By 7:30pm as the evening has progressed and these constellations rise higher in the sky go outside again and look for another bright star Sirius, in the Constellation of Canis Major – this is Orion’s dog. Sirius is also called the Dog Star. An easy way to find Sirius is to take the belt stars of Orion and draw a line down toward the horizon. Bright Sirius is overhead by midnight. At 9:49pm the brightest “Star” overhead from Orion is not a star at all but the planet Jupiter nestled up in the V shape of the horns of Taurus the bull.

Below Star Chart image credit is SkySafari for the Mac.

Orion Taurus Jupiter

 

New overnight surprise in the labyrinth.

Fall is coming!   another sure sign is this little Stinkhorn (Order Phallales)  that popped up in the Labyrinth overnight.  Stinkhorns are found October through March from North Carolina to Florida, to along the Gulf Coast as well as in Mexico.  I love mushrooms, in all of their variety, both canned or grocery store fresh on my pizza as well as along the trails that I wander.  

Stinkhorns are comprised of several columns that are fused at the top.  Supposedly they stink and are “fetid”  although I didn’t get down-that-close to see if it had an odor to it  (getting up would have been another matter. )  

However I did notice that it had ants under its cap and if you click on this image, you can see the fungus up close, along with the ants.  These strange little guys rise out of the ground from a body or “egg” that is hidden underground.   Long cords help to form the arms that reach skyward with the interior of the arms covered with a slime.  It’s this slime and the smell, which attracts flies, that helps to disperse the spores.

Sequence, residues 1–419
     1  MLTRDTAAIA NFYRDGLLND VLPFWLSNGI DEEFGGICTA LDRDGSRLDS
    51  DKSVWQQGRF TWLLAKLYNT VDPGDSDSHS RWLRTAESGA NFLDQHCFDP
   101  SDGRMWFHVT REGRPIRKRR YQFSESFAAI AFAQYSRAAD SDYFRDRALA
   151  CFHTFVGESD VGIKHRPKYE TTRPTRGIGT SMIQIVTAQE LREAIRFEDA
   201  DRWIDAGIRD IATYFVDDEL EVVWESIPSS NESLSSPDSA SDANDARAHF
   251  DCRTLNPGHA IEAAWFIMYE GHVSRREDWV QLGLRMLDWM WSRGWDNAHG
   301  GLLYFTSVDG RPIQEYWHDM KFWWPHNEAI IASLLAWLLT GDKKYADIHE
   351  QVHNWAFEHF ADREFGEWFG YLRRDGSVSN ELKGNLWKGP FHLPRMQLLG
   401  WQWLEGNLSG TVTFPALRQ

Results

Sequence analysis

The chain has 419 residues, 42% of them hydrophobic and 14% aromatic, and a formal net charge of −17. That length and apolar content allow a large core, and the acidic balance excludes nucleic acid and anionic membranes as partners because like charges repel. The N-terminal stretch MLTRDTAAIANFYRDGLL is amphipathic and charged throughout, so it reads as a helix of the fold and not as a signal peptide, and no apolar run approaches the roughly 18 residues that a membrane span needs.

I’ll definitely be keeping my eye on this one today to see how it’s getting along.    Just another reason to always be looking for the little things underfoot.  What’s happening in your yard today?     This is an iPhone4S image taken with ProHDR

Dragons of the Air and Water

 

 

On the grand scale, Tropical Storm Isaac just missed us but on the smaller scales of things.. insect scales?  it was rough for the insects.  Butterflies are easily affected by high winds and rain.  To survive, they find areas in your yard or woods that are sheltered from winds and driving rains.  Around the house an insect may find a quiet corner to stay in, maybe go up under the eves or anywhere that takes them out of direct wind and rain.

This White Peacock Butterfly is lying down, almost flat in the green dog fennel bushes along the canal at Harns Marsh, here in Lehigh.  How’s that for avoiding bad weather?  Make like a leaf.  At first, I thought I was looking at a leaf!  Insects are affected by subtle changes in heat and even barometric pressure, everything from the smallest ant, to the largest butterfly is affected by heat, light and moisture among other things.